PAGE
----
William Bissell, Managing Director, Fabindia, talks about plans for Fabindia in its 50th year

Later this year Fabindia will turn fifty. For a company that has given Indian textiles, arts and crafts a contemporary look, Fabindia is credited with highlighting the beauty and eminence of our very own rural arts and crafts. Started by an American, John Bissell, it is his son and the present Managing Director of the company, William Bissell, who is carrying forward and expanding the business which began as a small export unit in Delhi. Today this lifestyle retail brand has 111 stores in the country mapping 40 cities. In the Kochi with his extended family for a private function, William recalls his several visits to Kerala as a child. Learning the ropes of the business from his father, “not so much in retail,” he states that his father's contribution was in the idea of inclusive growth, something which has now taken shape as an artisans' cooperative, the Community Owned Company model (COC), which today forms the backbone of Fabindia's supply chain.

One of his main contributions has been diversification of the company into many other products.

“We work as a group. I am just the face of it. We have strengthened our garment line and successively introduced furniture, organic foods, personal care and jewellery as our products.”

On going into organic products William believes that the market for organic products is tiny, which is a disappointment but on the other hand he says he gets text messages from his regular clients that a certain product is over! – implying that there are customers who have converted to using organic products in their lifestyle – that is encouraging!

He has observed that mainly it is the nuclear family that buys organic products and people who have a certain sensitization towards the issue.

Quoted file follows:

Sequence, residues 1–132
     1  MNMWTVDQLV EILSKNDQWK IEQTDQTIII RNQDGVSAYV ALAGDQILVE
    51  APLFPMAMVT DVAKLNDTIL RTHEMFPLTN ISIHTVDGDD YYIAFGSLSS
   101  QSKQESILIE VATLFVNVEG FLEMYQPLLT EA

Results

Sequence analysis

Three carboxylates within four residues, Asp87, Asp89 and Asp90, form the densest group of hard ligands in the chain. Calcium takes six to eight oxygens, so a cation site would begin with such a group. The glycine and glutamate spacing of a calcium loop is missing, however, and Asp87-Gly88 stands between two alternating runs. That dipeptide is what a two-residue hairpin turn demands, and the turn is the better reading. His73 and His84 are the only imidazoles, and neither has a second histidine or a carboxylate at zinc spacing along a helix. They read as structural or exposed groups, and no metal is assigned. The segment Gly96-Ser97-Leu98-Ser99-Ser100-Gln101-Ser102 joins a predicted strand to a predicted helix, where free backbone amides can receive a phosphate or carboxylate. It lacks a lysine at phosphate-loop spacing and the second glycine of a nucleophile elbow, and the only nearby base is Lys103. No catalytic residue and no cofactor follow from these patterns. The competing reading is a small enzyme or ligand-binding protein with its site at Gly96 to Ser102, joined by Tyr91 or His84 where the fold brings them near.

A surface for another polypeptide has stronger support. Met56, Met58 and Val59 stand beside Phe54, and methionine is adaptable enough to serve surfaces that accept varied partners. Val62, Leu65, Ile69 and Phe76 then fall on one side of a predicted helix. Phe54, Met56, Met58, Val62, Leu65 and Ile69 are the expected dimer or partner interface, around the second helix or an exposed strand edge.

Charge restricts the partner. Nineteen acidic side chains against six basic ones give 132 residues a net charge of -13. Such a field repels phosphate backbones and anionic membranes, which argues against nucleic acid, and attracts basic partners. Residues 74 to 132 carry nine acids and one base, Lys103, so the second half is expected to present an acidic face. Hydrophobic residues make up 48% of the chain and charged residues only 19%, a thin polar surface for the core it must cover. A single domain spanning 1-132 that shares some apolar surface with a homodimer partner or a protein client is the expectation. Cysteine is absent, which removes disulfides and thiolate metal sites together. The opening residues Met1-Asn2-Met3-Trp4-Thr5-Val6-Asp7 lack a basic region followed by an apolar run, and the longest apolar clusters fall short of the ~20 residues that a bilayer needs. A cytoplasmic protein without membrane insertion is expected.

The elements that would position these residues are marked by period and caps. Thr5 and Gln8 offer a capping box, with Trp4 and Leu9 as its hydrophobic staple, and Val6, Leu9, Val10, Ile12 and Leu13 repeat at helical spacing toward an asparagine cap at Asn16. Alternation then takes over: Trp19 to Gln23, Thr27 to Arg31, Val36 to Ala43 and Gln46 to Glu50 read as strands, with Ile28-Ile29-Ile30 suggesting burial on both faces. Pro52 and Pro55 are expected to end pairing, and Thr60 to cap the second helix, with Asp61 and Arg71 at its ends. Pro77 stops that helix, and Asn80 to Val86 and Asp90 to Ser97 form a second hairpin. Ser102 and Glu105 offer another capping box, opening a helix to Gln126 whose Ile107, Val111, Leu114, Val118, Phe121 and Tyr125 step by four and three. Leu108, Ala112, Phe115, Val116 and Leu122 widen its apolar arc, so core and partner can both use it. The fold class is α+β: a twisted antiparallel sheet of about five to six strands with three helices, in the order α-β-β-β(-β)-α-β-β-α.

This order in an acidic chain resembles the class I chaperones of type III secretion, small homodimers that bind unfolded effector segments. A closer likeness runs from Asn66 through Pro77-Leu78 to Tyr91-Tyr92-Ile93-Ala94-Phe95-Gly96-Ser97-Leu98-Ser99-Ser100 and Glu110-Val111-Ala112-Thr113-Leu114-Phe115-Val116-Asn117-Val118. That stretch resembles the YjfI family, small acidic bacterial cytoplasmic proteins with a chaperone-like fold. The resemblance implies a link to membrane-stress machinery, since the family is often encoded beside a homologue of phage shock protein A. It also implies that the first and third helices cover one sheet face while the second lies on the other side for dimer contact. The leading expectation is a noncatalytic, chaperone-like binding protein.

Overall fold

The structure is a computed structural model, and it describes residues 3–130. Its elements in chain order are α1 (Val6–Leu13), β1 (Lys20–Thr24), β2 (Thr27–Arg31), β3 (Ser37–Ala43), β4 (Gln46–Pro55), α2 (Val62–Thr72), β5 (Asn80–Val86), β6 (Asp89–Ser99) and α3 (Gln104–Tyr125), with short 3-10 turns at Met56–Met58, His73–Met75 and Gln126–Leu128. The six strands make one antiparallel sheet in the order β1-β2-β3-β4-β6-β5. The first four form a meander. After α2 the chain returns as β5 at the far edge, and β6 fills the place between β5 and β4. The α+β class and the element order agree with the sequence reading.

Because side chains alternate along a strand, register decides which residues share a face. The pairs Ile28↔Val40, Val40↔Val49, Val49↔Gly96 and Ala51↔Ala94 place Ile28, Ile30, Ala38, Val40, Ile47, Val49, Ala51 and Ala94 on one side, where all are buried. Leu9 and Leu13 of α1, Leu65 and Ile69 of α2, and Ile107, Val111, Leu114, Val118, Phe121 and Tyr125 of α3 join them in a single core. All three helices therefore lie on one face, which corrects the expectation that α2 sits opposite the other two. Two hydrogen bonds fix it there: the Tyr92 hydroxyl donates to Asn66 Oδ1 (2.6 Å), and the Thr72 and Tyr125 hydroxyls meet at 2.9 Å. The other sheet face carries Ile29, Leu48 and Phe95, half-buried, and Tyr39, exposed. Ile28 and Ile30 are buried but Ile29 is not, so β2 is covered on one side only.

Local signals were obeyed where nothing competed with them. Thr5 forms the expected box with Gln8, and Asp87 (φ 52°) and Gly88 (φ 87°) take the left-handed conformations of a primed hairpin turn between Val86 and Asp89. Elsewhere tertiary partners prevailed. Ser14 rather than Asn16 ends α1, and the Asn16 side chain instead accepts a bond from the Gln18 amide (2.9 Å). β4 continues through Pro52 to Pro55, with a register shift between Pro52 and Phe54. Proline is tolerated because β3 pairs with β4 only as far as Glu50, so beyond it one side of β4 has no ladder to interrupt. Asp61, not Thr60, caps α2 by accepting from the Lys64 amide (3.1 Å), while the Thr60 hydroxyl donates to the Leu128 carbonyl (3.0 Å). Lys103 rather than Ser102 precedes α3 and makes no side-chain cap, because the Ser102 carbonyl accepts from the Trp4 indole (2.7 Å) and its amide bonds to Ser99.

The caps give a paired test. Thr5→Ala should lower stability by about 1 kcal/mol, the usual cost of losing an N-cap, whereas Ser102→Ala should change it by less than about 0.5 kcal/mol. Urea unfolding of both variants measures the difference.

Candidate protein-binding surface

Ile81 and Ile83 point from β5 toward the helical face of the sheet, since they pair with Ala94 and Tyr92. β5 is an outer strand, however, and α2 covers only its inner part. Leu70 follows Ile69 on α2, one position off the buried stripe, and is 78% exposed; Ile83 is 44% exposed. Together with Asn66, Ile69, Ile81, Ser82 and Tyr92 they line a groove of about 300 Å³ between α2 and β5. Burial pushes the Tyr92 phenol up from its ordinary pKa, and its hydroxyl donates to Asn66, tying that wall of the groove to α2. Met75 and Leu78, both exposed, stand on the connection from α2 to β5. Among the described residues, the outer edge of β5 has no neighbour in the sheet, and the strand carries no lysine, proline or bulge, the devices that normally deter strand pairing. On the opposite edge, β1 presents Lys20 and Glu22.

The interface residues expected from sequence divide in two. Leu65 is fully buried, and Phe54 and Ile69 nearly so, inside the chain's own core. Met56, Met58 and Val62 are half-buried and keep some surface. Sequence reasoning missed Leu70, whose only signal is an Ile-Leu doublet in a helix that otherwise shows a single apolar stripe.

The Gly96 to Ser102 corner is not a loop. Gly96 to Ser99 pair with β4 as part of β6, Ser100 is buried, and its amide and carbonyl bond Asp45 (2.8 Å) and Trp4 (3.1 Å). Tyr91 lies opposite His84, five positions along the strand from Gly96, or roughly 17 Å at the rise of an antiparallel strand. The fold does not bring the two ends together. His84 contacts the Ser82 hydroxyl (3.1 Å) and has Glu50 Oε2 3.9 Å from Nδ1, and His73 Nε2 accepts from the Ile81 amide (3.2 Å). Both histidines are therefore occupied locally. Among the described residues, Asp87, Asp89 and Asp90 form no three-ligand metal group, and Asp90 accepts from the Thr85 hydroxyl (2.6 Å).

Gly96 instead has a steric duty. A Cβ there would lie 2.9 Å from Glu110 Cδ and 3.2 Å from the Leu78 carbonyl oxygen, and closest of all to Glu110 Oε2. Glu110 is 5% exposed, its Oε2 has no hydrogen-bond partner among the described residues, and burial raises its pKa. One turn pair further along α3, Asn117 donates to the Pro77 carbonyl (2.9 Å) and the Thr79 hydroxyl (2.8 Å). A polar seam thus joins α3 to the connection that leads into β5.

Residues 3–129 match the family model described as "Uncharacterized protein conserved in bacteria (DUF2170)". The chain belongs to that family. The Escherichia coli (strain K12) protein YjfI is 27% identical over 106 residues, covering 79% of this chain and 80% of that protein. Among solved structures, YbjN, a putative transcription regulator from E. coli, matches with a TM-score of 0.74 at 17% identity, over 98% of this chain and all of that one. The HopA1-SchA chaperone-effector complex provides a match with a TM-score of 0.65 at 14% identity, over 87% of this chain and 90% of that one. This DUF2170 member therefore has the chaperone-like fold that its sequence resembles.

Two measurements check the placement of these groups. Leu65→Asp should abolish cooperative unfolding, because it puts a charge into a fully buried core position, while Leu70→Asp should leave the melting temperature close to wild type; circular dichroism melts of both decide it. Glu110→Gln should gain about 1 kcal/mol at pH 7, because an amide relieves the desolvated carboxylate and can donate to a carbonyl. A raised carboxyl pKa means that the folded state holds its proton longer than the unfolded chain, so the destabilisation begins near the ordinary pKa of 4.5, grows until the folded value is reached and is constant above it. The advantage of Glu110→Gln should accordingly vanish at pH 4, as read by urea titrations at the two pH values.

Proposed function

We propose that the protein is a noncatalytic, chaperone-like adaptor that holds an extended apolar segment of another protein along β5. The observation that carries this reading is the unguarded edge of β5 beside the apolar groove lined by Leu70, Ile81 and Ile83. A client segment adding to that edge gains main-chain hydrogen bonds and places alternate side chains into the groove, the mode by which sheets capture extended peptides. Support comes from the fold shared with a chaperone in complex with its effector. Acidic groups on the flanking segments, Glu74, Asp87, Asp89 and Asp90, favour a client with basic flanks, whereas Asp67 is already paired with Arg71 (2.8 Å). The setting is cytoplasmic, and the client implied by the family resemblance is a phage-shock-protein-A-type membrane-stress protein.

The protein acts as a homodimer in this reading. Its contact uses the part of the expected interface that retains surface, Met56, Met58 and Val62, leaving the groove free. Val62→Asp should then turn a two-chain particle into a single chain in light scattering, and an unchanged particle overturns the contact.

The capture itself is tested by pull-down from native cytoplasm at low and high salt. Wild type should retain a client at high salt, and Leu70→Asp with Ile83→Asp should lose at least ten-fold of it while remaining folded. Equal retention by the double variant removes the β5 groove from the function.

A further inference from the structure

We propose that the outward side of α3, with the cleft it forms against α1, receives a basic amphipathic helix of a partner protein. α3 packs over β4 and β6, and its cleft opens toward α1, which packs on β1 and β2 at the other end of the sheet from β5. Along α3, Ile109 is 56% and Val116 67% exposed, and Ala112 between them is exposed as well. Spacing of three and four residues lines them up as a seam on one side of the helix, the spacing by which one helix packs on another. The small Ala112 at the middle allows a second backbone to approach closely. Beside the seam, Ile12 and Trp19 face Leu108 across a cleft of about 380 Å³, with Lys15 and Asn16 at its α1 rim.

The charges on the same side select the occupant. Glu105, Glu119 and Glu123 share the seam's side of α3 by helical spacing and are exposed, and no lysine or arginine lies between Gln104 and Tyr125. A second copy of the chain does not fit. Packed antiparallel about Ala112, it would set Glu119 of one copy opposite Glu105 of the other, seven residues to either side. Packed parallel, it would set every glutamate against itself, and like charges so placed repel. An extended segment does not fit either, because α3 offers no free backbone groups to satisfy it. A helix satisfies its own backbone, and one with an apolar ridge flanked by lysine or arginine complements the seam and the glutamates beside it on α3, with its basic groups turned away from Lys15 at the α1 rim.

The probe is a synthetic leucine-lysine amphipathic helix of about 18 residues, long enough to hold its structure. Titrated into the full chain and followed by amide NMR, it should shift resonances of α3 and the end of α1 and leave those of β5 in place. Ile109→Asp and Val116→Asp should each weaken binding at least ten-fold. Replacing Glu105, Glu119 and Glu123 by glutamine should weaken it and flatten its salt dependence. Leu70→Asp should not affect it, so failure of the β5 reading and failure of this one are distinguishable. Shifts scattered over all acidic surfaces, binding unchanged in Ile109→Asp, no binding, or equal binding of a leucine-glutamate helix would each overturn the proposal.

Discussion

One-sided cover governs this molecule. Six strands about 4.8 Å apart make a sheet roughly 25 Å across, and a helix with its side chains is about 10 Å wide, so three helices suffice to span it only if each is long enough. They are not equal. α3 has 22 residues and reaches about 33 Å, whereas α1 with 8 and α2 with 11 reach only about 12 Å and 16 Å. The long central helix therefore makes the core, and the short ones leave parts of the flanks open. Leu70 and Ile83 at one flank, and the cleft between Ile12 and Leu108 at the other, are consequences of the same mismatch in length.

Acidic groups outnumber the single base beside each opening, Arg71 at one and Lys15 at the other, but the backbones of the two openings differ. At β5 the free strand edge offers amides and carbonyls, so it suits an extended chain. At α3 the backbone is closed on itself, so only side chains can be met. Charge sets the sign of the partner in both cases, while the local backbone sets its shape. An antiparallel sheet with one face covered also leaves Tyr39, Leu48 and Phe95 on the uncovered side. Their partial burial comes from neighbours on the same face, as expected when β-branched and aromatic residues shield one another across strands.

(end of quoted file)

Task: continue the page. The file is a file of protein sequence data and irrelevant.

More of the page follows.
On competition

To stay ahead in the race amidst rising competition is what William is for and looks at it as a challenge. “Competition is really healthy. In every field I respect one or two competitors. I admire them. They improve the quality of the game. I welcome that.” Veering away from the business aspects to the book, ‘Making India Work', that he has written recently he says that the book started out of a feeling of how to do business in a straight forward way here, a question that led to more questions and finally to the book.

And what is the solution that he offers? A self regulatory system he writes and says, “I personally have no complains. The system works for me but it does not work for very many Indians.”

Recalling what his father once said that he had come to a country not to run a ‘corrupt business' but because he loved the place and the textiles, William too wishes to create solutions for chaos-free cities, an enterprise-friendly atmosphere where rules of the game are the same, “where there is a level playing field for all.”

His book has been a bestseller for 16 weeks and is to be soon published in Hindi, Telugu and Malayalam versions too.

With an unassuming charm William who has taken retail to an altogether different height discloses his mantra, “Retail is an act of communication and if you get that wrong, you get the entire thing wrong.”